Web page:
Aug. 9, 2002
By GREG BEACHAM
AP Sports Writer
SAN FRANCISCO (AP) - Barry Bonds prefers to make history in front of his friends.
Bonds hit his 600th homer on an unusually warm Friday night at Pacific Bell Park, roaring past another milestone in his personal home run derby for the ages.
From the instant the ball left Bonds' black bat, the sellout crowd roared in an ovation that rolled through the park for several minutes. Fireworks flew to celebrate another amazing achievement by Bonds, who hit 73 homers last season before joining three of baseball's greatest hitters at 600.
The San Francisco Giants lost 4-3 to the Pittsburgh Pirates, but nobody in attendance is likely to remember.
"It's a relief, because it's here at home," Bonds said. "It's tough to celebrate something like this on someone else's turf. ... To be in that select group is great, but nothing's more satisfying than doing it front of 40,000 friends here in San Francisco. I don't think that it could ever be more gratifying than that."
Bonds put Kip Wells' pitch high and deep in the center field stands in the sixth inning to become just the fourth player to reach the rarified mark. He joined Hank Aaron, Babe Ruth and Willie Mays with another milestone achievement in his unprecedented two-year power surge.
Bonds hit his 500th homer on April 17, 2001, and he has passed 13 players on baseball's career list since then in an unprecedented display. In 2001, he broke Mark McGwire's single-season record.
The 38-year-old star is now 155 home runs from tying Aaron's career record for home runs.
"On behalf of Major League Baseball, I congratulate Barry Bonds on his historic achievement," commissioner Bud Selig said in a statement released Saturday. "Since Babe Ruth hit his 600th home run 68 years ago, it is remarkable that only three players have reached that mark. ... It is not surprising that the three who preceded Bonds are in the Hall of Fame, and he surely will join them."
Bonds hit his first homer since hitting No. 599 on Tuesday night, but despite the landmark blast, he couldn't get a victory for the Giants.
When he came to the plate with two runners on and two outs in the eighth against reliever Brian Boehringer, Bonds grounded out to second baseman Pokey Reese on the grass in short right field.
"I mean it's sweet, it's nice, I can't sit there and say that it isn't a great moment in my career because, definitely it is," Bonds said. "We want to win bad. We're playing good, and we just ran against the wall right here."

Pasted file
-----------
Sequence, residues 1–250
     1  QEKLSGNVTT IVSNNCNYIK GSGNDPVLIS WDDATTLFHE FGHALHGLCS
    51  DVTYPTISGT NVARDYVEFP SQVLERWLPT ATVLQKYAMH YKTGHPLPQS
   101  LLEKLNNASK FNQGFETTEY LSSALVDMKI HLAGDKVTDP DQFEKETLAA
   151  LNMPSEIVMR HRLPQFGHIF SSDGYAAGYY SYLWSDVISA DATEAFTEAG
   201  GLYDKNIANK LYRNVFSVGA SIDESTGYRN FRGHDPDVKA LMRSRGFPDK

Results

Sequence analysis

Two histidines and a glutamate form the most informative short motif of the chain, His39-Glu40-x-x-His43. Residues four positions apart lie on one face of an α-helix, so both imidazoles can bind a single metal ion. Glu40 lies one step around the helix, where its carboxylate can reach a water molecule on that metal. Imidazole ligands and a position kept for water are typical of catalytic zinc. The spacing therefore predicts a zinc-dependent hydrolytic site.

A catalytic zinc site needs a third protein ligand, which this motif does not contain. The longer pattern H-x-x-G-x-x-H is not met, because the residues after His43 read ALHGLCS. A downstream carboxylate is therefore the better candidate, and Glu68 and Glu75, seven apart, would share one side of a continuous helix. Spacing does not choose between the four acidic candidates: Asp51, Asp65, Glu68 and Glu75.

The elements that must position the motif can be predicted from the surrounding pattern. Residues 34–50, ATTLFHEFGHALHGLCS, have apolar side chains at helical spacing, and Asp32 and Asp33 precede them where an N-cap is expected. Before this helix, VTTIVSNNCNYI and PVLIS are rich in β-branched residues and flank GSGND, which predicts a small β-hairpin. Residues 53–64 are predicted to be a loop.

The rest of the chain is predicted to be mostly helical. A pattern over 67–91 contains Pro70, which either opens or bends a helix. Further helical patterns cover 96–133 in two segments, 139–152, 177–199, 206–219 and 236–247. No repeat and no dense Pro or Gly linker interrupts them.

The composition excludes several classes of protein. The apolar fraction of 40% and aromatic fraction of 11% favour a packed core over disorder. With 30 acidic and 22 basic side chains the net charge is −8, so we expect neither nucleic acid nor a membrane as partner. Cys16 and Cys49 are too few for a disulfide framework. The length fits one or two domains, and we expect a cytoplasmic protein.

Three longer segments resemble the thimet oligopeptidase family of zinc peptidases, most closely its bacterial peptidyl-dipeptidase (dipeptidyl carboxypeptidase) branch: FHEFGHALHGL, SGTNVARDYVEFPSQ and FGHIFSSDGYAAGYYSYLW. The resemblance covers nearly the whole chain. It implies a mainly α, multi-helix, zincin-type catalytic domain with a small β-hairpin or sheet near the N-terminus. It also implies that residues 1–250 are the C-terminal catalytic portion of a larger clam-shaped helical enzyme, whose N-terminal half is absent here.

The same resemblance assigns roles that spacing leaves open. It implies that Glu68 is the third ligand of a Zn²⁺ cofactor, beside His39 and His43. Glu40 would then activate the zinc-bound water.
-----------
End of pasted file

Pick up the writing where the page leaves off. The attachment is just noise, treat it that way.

Wells (11-9) allowed a historic homer, but he pitched 7 1-3 strong innings and tied his career high with eight strikeouts while winning for just the second time in seven decisions.
"It was a perfect day," said Pirates manager Lloyd McClendon, who played with Bonds in Pittsburgh. "A good friend of mine reached a milestone. I'm very happy for him. I can say I was associated with him in some small way."
Aramis Ramirez homered and drove in four runs for the Pirates. Mike Williams pitched the ninth for his 34th save in 36 chances.
Bonds singled in the first and grounded out in the fourth, but he crushed a 2-1 pitch from Wells in the sixth. Bonds took a long moment to admire his blast as Pac Bell erupted and fireworks launched from the arcade atop the right field wall.
"It wasn't a wonderful pitch, but it wasn't a bad pitch," Wells said. "He hits pretty much everything well. I had a front-row seat to the whole thing. I wanted to take it all in and watch. Only I can say I'm the guy who gave it up. I'm happy. A win is a win."
The ball hit near the edge of the bleachers, and the fan who grabbed it, 36-year-old Jay Arsenault of Vacaville, Calif., emerged with a bloody face.
"I knew it was gone when I hit it. I was just hoping no one got hurt when they go for it," Bonds said. "I was just praying no one got hurt fighting for it."
Arsenault, a construction worker who got the tickets from his boss, came away with cuts on his left cheek, arms, legs and hand. He also had a huge grin and some definite plans for his catch.
"Money talks," he said.
Bonds stepped lightly on home plate and pointed skyward with both hands. He then waved to his wife and daughter sitting next to the dugout, and he pointed at his cheering father, Bobby Bonds, who had surgery last month to remove a cancerous tumor from his kidney.
Mays, Bonds' godfather, had a prior commitment and was not at the ballpark.
Except for Bonds' homer, however, San Francisco struggled against Wells. Rich Aurilia hit a two-run homer in the first inning for the Giants, who lost their second straight after a four-game winning streak.
Jason Schmidt (7-6), pitching against Pittsburgh - his former team - for the second straight week, allowed five hits and four runs while striking out five. Schmidt mostly stayed in control, but Ramirez - who ended a three-month slump this week with an 11-for-24 run - got two big hits against him.
But Ramirez knew his hits were dwarfed by Bonds, who went homerless in 13 plate appearances following No. 599. Before Friday's game, Bonds told his wife, Liz, that he would hit his 600th that day.
"Luckily, I did," Bonds said, "or she would have had some choice words for me when I got home."